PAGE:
Though it was hard leaving behind the underground scene that shaped him, Konschuh remembers initially having fun in The Big Apple. “They put me up in this big fancy hotel and I looked like shit,” he laughs. “I knew they had to pay for everything so I opened up all of the bottles of alcohol in the minibar and ate all of the chips, then they offered to take me to all the fancy restaurants and go shopping, but I just asked for some cigarettes.”

It’s a testament to his own self-belief that such an industry set up jarred with his own creative vision; willing to bet on himself, he turned down the offer of a major record deal. Not only that, but labels competing for his signature actually reaffirmed his own independent pathway. “It made me feel more like myself because I was in a position where I didn’t have anything to lose, but so much to gain. I was already who I was supposed to be and being here was proof of that.”

“People ask if I’m excited but I’m just relieved, thank God that people don’t have to worry about me”

He continues: “It was a crazy time because I didn’t know anybody here, I was just meeting people in the park and becoming their best friend. I wasn’t worried about anything or sleeping anywhere, I made all the rules. I was exploring the entire city, doing something every night. I’d be at these rooftop parties, I wasn’t worried about creating, I was living the art.”

Although it was invigorating at first, a lifestyle of sofa surfing invited its own turmoil. “I was developing a pretty severe drug and alcohol problem,” he says. “I wasn’t playing music or recording. I lost myself and my vision, I had negative sixty-nine dollars in my account. I was becoming someone strangers didn’t want to sit next to on the subway, it was getting to that point – and then I snapped into it and realised it wasn’t going well at all. It was adding up to a pretty boring story.”

After focussing on his recovery and holing up in the apartment he’s speaking from today, Konschuh managed to recapture his creative spark and finish 2022 mini album ‘Clean Up On Aisle Heaven’. Even though he finished the release for his own pride, that material ended up propelling him into a bright new chapter. It wasn’t long before a dream offer came in from the celebrated label Jagjaguwar [Bon Iver, Unknown Mortal Orchestra].

Malice K (2024), photo by Chris Buck
Credit: Chris Buck for NME

Given his unique journey, does he see himself as an outlier? “Sometimes I feel like the freak or something,” he muses. “I know that people don’t think that about me personally but I don’t identify with a lot of music on the scene today. Most people I talk to finished school and went to college, haven’t been homeless or taken a chance on something.” He suggests there is a certain disconnect at play. “People are very nice and friendly but I think there’s a certain naivety and obliviousness that comes through.”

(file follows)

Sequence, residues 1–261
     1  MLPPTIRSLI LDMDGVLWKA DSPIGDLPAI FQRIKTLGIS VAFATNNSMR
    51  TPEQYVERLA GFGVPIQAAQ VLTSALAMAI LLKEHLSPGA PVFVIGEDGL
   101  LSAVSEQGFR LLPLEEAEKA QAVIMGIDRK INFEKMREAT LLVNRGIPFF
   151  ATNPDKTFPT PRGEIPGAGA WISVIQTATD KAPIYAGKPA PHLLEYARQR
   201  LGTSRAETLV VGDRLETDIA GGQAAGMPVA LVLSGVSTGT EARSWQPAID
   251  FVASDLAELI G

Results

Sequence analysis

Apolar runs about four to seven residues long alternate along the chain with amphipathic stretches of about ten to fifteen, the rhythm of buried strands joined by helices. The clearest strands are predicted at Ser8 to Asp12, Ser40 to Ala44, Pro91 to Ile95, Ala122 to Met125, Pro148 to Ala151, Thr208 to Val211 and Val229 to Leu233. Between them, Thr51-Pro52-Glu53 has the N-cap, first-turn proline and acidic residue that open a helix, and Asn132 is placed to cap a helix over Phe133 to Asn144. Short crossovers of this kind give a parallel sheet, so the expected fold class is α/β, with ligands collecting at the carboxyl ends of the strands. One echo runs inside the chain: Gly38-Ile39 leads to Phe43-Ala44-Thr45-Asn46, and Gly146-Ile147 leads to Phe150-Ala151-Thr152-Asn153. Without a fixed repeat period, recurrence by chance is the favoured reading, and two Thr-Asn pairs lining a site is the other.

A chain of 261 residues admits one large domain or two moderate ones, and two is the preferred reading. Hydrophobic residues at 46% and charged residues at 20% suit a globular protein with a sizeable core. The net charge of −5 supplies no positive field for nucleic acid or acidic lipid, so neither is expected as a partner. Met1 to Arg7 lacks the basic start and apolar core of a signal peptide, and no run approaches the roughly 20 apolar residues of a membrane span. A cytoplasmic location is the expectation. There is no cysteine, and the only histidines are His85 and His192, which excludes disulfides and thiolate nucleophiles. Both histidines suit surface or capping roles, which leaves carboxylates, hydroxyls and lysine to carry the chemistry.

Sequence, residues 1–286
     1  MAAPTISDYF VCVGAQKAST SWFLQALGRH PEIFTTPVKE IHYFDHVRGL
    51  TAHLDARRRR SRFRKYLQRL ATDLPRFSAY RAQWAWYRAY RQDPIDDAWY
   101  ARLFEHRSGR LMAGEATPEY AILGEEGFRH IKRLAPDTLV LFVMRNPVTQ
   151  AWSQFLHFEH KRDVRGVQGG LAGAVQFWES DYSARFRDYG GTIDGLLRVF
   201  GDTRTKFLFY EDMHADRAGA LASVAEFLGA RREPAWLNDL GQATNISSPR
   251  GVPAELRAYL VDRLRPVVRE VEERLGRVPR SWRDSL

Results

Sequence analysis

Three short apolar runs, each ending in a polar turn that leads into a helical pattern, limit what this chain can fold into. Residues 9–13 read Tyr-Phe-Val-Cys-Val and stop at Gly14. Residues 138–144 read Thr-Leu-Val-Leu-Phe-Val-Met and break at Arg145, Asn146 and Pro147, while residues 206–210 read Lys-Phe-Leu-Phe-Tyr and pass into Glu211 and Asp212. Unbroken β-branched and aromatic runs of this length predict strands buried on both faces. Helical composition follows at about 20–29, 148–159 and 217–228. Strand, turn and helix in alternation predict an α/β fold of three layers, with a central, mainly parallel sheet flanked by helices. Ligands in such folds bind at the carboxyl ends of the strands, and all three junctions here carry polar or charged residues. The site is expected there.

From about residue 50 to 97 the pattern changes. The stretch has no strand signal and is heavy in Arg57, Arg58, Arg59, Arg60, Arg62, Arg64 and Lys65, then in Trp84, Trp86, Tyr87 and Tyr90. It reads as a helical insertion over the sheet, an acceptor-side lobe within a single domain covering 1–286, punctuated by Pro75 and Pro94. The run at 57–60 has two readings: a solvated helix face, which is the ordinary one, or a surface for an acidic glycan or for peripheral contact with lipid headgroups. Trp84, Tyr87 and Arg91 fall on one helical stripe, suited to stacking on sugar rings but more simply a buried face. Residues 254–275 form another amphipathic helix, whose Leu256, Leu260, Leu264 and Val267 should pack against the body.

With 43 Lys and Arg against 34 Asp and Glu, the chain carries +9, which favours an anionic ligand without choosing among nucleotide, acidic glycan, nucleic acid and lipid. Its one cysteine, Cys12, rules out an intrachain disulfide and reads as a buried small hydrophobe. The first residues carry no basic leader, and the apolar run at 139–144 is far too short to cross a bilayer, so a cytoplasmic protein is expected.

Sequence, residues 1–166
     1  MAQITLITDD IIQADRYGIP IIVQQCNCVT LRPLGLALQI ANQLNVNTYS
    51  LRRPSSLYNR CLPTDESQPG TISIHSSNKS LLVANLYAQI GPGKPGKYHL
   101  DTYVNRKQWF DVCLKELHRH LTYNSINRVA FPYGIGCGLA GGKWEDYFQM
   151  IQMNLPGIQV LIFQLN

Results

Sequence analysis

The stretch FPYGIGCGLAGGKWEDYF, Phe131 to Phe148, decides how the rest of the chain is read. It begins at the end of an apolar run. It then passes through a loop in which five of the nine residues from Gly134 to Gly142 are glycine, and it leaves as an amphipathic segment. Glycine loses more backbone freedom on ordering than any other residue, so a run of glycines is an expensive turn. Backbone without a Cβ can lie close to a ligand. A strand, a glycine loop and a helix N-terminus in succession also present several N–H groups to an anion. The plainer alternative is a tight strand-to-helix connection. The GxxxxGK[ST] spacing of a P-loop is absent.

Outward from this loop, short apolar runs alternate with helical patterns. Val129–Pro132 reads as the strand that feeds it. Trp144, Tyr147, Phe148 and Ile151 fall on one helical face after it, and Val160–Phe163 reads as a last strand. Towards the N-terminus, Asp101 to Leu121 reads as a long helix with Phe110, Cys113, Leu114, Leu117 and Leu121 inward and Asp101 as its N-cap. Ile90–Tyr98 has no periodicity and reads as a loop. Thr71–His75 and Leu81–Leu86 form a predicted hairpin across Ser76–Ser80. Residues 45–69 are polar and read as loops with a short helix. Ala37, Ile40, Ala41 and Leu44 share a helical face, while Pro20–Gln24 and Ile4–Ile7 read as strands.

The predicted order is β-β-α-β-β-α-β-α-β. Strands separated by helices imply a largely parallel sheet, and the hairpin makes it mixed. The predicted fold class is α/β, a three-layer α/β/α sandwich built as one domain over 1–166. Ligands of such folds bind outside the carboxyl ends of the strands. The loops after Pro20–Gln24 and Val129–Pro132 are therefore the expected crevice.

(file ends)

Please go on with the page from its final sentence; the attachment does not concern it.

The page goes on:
He continues: “The situations I’ve been through in my life have definitely contributed to the integrity of sticking to what I’m doing. My life experiences have given me a mental stamina to be myself in the face of a pretty distracting and corrupt industry to be in.” He admits certain inevitable comparisons do frustrate him. “I’ll be grouped in with Alex G or other indie acts to the point that I really don’t relate to them, but we’ll get compared because they play guitar.”

Malice K (2024), photo by Chris Buck
Credit: Chris Buck for NME

Approaching a bigger body of work, it feels like the possibilities are wide open, but Konschuh is really just grateful to be here. Even his Ralph Steadman-esque illustrations paint a vivid picture of the trauma he’s survived in the last few years. A recent Instagram post depicts a tattered love heart grinning with decaying gnashers, spiked with a multitude of syringes and safety pins. He explains, laughing: “Everyone will always ask if I’m excited about what’s happening but I’m just relieved, thank God that people don’t have to worry about me.”

It’s easy to get starry-eyed thinking about what lies ahead for Malice K, which includes a headline show at London’s Stone Nest tomorrow (January 30) and a set at Brighton’s tastemaking festival The Great Escape in May. But despite such milestones, you get the feeling he’s grateful to have some stability.

“I’ve just been hurtling through space since I was a young teenager. It felt like nothing was ever going to work out, but everything that’s brought me to this point has been important,” he says.

“I’m just trying to calm my mind and body because it’s been a really rough ten years. I’m learning to enjoy where I’m at now, and it really feels good to see a future in what I’m doing.”

Malice K will perform at London’s Stone Nest on January 30

Listen to Malice K’s exclusive playlist to accompany The Cover below on Spotify and here on Apple Music

Words: Rhys Buchanan
Photography: Chris Buck
Label: Jagjaguwar